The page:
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What Caused the Deadly Iranian Earthquakes?

Straddling the seam between the Eurasian and Arabian tectonic plates, Iran has a history plagued with earthquakes

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Rescue workers search through the rubble caused by two large earthquakes earlier this week. Photo: Globovisión

At 23:45 UT, 4:15 am local time Sunday morning, an incredibly shallow magnitude 6.4 earthquake hit just 58 kilometers from the city of Tabriz, Iran, and the homes of more than a million of people. That initial shock was followed by a magnitude 6.3 quake just 11 minutes later, and 20 aftershocks of magnitude 4 or above in the early half of this week.

The swarm has so far claimed the lives of 306 people, and as the Associated Press reports, the search for survivors has been called off. Photos from the region demonstrate the extent of the damage.

Straddling the seam between the Eurasian and Arabian tectonic plates, Iran’s history is plagued with earthquakes. Most notably in recent years is a magnitude 6.7 event in 2003 that flattened the city of Bam and killed at least 26,000. The most recent quake, however, “came as a surprise” says Earthquake Report, because the location was quite far off of the actual fault.

The August 11, 2012 M 6.4 and M 6.3 earthquakes in northwestern Iran occurred as a result of oblique strike-slip faulting in the shallow crust of the Eurasia plate, approximately 300 km east of the plate boundary between the Eurasia and Arabia plates.

This map shows the extent of the shaking from the initial magnitude 6.4 earthquake. Photo: USGS

Strike-slip earthquakes are when two pieces of Earth, with stress built up from grinding against each other for many years, suddenly slip in a side-by-side motion and travel in the “along strike” direction. The lurch sends waves traveling through the surrounding rocks which can cause the earth to jolt and roll at the surface. An earthquake that occurs away from a fault is known as an intraplate earthquake, as the rocks slipping past one another are both part of a single tectonic plate, rather than between two opposing plates. Intraplates earthquakes are usually smaller, and much rarer, than the interplate variety. Earthquake Report:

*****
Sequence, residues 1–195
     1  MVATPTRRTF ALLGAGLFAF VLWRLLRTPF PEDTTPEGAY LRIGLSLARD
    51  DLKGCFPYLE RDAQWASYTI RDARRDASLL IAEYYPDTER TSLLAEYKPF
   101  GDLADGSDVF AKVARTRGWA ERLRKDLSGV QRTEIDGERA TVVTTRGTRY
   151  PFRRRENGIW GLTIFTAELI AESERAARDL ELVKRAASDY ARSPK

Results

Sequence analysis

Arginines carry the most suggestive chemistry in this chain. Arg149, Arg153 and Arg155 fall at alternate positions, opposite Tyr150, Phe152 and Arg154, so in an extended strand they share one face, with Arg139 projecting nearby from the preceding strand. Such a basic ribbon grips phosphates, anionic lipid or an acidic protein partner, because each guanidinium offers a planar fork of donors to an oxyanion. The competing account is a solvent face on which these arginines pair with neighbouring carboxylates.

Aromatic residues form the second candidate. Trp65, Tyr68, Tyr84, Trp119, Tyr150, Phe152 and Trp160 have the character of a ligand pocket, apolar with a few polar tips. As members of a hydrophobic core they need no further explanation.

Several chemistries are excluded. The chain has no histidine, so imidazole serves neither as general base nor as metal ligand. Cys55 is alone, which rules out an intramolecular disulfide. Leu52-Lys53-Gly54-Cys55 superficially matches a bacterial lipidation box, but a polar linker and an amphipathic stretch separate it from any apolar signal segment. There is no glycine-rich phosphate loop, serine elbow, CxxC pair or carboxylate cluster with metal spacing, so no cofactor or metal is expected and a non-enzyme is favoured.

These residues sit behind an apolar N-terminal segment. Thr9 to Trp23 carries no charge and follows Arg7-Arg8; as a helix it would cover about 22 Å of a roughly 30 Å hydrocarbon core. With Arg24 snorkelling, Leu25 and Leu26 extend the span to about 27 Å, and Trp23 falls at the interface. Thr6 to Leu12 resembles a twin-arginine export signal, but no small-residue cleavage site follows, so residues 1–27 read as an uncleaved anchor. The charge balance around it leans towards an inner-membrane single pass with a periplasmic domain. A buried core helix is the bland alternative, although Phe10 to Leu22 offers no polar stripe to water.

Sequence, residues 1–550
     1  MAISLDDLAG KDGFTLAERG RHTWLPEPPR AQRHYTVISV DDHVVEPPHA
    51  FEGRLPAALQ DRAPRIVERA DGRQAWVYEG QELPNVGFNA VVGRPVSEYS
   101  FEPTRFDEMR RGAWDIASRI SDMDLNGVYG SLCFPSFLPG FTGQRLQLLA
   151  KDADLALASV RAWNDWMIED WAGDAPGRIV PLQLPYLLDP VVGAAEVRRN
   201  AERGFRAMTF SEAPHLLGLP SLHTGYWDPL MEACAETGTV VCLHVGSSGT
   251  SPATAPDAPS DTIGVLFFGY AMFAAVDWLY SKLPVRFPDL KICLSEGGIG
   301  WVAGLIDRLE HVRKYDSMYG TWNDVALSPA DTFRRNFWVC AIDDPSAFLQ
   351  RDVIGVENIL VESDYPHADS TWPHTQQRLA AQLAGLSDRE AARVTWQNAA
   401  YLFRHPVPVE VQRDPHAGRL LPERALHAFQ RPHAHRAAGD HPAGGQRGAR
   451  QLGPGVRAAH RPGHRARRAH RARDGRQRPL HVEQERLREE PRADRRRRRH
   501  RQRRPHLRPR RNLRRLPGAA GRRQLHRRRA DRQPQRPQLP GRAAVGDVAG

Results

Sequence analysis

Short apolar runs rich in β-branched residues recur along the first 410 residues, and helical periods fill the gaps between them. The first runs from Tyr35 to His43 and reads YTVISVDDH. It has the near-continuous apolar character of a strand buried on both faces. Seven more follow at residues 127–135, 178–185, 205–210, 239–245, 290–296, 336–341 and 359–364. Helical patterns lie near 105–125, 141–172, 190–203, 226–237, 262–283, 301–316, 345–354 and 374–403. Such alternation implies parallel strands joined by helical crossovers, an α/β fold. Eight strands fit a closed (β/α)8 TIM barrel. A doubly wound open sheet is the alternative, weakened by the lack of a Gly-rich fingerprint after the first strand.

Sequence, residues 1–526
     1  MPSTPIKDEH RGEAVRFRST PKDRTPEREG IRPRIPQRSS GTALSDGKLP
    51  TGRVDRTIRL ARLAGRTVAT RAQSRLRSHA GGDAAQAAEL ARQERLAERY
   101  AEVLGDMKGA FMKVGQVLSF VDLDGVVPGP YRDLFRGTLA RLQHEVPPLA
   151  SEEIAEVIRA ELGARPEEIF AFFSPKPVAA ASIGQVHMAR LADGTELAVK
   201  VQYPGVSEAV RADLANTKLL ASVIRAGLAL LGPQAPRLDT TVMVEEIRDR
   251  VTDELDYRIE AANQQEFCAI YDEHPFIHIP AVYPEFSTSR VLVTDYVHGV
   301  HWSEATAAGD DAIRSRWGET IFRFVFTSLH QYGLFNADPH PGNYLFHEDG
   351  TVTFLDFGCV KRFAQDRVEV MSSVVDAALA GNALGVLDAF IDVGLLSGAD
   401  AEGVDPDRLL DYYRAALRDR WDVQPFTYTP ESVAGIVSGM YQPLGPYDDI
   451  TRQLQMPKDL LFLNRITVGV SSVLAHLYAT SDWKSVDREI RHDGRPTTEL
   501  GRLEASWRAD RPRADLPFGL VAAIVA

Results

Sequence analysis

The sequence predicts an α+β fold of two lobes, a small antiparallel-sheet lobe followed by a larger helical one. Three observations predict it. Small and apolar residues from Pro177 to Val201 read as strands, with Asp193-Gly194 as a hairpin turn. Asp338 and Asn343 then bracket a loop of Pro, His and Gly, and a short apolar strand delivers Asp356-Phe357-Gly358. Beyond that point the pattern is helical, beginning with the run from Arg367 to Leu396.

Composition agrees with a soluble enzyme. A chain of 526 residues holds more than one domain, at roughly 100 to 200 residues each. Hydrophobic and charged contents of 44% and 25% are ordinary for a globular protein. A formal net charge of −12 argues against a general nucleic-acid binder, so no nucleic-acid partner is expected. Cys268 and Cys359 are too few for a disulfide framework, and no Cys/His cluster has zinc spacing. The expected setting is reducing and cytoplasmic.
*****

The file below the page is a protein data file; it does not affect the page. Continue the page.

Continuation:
The two earthquakes are separated by just 10 km in an east-west direction. Focal mechanisms, describing the style of faulting for the earthquakes, suggest slip on either fault planes striking roughly east-west, or those striking roughly north-south. Because these earthquakes are intraplate events, away from the main plate boundary structures in the region, precise identification of the causative fault(s) is difficult at this time, though their offset suggest they may be associated with an east-west striking structure.

Despite an uneasy relationship between Iran and the United States fueled by the former’s quest to develop a nuclear program, the New York Times reports that those seeking to send aid to affected Iranians shouldn’t need to worry about political roadblocks.

 

More from Smithsonian.com:

Chilean Earthquake Moved City Ten Feet

A New Day in Iran?

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About Colin Schultz
Colin Schultz

Colin Schultz is a freelance science writer and editor based in Toronto, Canada. He blogs for Smart News and contributes to the American Geophysical Union. He has a B.Sc. in physical science and philosophy, and a M.A. in journalism.

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